Trump's Syria Move is About 2020: He Wants to 'Say He Defeated ISIS, Facts be Damned,' Says National Security Expert

Max Hoffman, associate director of national security and international policy at the Center for American Progress, told Newsweek that President Donald Trump's decision to pull back U.S. troops in Syria has less to do with his conflicts of interests in Turkey -- and more to do with getting elected.

Trump shocked national security circles, Republican leaders in Congress and allies abroad when he announced the withdrawal Monday morning. Without a plan in place, the president flip-flopped on U.S. foreign policy in Syria once again -- seemingly abandoning Kurdish forces to a pending Turkish incursion into the region.

The move called into question Trump's conflicts of interest in Istanbul, which include Trump Towers and a major shopping complex with shoe outlets, cafes and a grocery store. But Hoffman, who worked on disarmament and security issues for the United Nations and the U.S. House of Representatives Armed Services Committee, said the Syria decision is "more basic" than that.

"Trump cares more about his reelection campaign back home," Hoffman said, "He wants to be able to say he defeated ISIS and brought the boys home, facts be damned."

Trump Defends Withdrawal From Syria Abroad
U.S. President Donald Trump used a lightning visit to Iraq -- his first with U.S. troops in a conflict zone -- to defend the withdrawal from Syria and to declare an end to America's role as the global "policeman." Here he greets members of the U.S. military during a stop at a German air base on December 27, 2018. Saul Loeb/Getty Images

Hoffman added there's a chance Trump backtracks, like he did last December when he also announced without warning the withdrawal of U.S. troops from Syria in a tweet that went against the advice of his generals.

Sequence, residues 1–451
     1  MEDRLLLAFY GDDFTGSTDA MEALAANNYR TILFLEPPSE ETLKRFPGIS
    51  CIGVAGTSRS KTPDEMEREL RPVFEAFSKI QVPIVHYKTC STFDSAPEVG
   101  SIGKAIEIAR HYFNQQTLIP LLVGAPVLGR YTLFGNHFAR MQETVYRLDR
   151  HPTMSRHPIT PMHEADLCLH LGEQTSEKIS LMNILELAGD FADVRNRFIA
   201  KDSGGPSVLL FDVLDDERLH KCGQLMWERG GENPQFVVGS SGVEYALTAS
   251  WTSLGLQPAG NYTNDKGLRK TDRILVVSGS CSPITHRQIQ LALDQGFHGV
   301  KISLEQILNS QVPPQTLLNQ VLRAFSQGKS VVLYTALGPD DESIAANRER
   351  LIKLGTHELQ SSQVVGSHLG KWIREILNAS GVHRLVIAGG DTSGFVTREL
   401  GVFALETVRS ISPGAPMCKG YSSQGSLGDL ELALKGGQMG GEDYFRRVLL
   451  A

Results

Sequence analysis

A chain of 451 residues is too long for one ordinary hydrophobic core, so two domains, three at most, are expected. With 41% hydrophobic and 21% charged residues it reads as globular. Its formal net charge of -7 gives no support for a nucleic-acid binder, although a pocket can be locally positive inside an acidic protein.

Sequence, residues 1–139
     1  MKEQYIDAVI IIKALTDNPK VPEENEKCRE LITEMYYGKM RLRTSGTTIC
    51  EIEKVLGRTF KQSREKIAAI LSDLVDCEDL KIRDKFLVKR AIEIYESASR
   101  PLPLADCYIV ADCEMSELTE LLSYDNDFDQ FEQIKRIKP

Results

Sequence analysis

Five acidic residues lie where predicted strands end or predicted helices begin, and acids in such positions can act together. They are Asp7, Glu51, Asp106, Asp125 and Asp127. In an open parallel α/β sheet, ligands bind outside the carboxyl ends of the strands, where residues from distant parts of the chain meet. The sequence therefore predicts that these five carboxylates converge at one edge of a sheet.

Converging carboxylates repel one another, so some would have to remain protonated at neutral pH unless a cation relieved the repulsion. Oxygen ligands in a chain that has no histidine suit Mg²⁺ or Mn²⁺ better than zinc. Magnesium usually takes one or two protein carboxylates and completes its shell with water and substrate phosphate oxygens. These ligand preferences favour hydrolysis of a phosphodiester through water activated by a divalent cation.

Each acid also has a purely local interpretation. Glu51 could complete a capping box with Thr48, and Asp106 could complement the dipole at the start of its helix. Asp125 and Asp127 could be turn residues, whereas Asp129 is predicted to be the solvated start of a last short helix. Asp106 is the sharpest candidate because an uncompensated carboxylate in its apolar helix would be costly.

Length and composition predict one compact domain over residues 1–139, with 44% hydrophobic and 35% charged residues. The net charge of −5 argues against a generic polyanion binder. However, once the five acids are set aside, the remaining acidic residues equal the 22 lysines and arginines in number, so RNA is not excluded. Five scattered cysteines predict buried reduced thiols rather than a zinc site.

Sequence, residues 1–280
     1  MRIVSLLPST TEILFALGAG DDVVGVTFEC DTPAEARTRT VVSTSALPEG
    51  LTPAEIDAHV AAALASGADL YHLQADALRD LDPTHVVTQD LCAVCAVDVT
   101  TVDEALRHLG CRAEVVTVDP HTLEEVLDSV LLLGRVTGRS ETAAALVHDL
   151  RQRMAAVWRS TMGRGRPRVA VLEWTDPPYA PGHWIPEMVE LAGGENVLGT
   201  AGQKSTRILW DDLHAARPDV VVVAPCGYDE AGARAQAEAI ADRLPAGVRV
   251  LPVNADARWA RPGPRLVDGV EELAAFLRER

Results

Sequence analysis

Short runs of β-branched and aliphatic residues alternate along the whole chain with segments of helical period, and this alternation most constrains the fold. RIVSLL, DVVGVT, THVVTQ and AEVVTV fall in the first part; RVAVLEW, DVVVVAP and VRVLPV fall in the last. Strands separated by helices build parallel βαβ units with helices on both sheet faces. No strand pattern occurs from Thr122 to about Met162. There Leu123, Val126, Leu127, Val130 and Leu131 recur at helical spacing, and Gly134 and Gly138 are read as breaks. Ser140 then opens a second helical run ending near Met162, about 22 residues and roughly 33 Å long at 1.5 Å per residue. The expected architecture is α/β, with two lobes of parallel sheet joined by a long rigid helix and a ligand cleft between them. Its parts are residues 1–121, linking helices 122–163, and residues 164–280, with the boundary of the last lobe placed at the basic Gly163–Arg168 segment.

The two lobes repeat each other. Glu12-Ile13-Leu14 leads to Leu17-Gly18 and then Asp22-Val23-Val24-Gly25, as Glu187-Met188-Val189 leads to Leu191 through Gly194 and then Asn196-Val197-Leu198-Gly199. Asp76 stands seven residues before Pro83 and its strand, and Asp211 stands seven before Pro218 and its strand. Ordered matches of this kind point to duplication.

"We have won against ISIS," Trump declared on Twitter at the time, adding, "Our boys, our young women, our men — they're all coming back, and they're coming back now."

After historic victories against ISIS, it’s time to bring our great young people home! pic.twitter.com/xoNjFzQFTp

— Donald J. Trump (@realDonaldTrump) December 19, 2018
Twitter

Fox hosts, former state department officials and Republican leaders like Senators Lindsey Graham and Marco Rubio have decried the "dangerous" act of abandoning the Kurds while simultaneously leaving the region more susceptible to ISIS resurgence.

"Trump has taken a lot of political flack, including from the right," Hoffman said, adding that seems to be what the president cares about most.

"He may backpedal again, like he did in December, but he's already so shredded U.S. credibility that it's hard to imagine why any of our partners would trust us moving forward," he said.

Hoffman added that, while they're not as relevant in this case, Trump's "fundamental conflicts of interests" with Turkey have surfaced in other moments of his dramatic tenure as commander in chief. When former national security adviser Michael Flynn admitted to providing false information to the Justice Department about work he did involving Turkish business dealings -- while advising Trump during his 2016 campaign -- that was one of those moments.

But from photo opportunities in North Korea to when Trump tore up the nuclear deal with Iran with no plan for what followed, it's clear he makes decisions abroad with optics at home in mind, according to Hoffman.

"The president has shown on a range of foreign policy efforts that he thinks of these things primarily in terms of optics and political calculus back home," Hoffman said. "The difference, in this case, is the Turks really are going to go in."

The fallout from the Turkish military incursion depends on how much of Syria they try to take, according to Hoffman. But the range of long-term threats it poses to security in the region includes violence, subsequent refugee outflows, removing pressure from ISIS and leaving Kurdish fighters once loyal to the campaign against ISIS exposed to foreign military threats.

In 2003, George W. Bush delivered a speech from aboard the aircraft carrier USS Abraham Lincoln. The "United States and our allies have prevailed," he said at the time. But as the war in Iraq continued for several years thereafter, Bush's unfounded claims of victory became known as the "Mission Accomplished" speech.

Both presidents "were both declaring victory to score domestic political points while willfully ignoring the realities on the ground in the war zone," Hoffman said.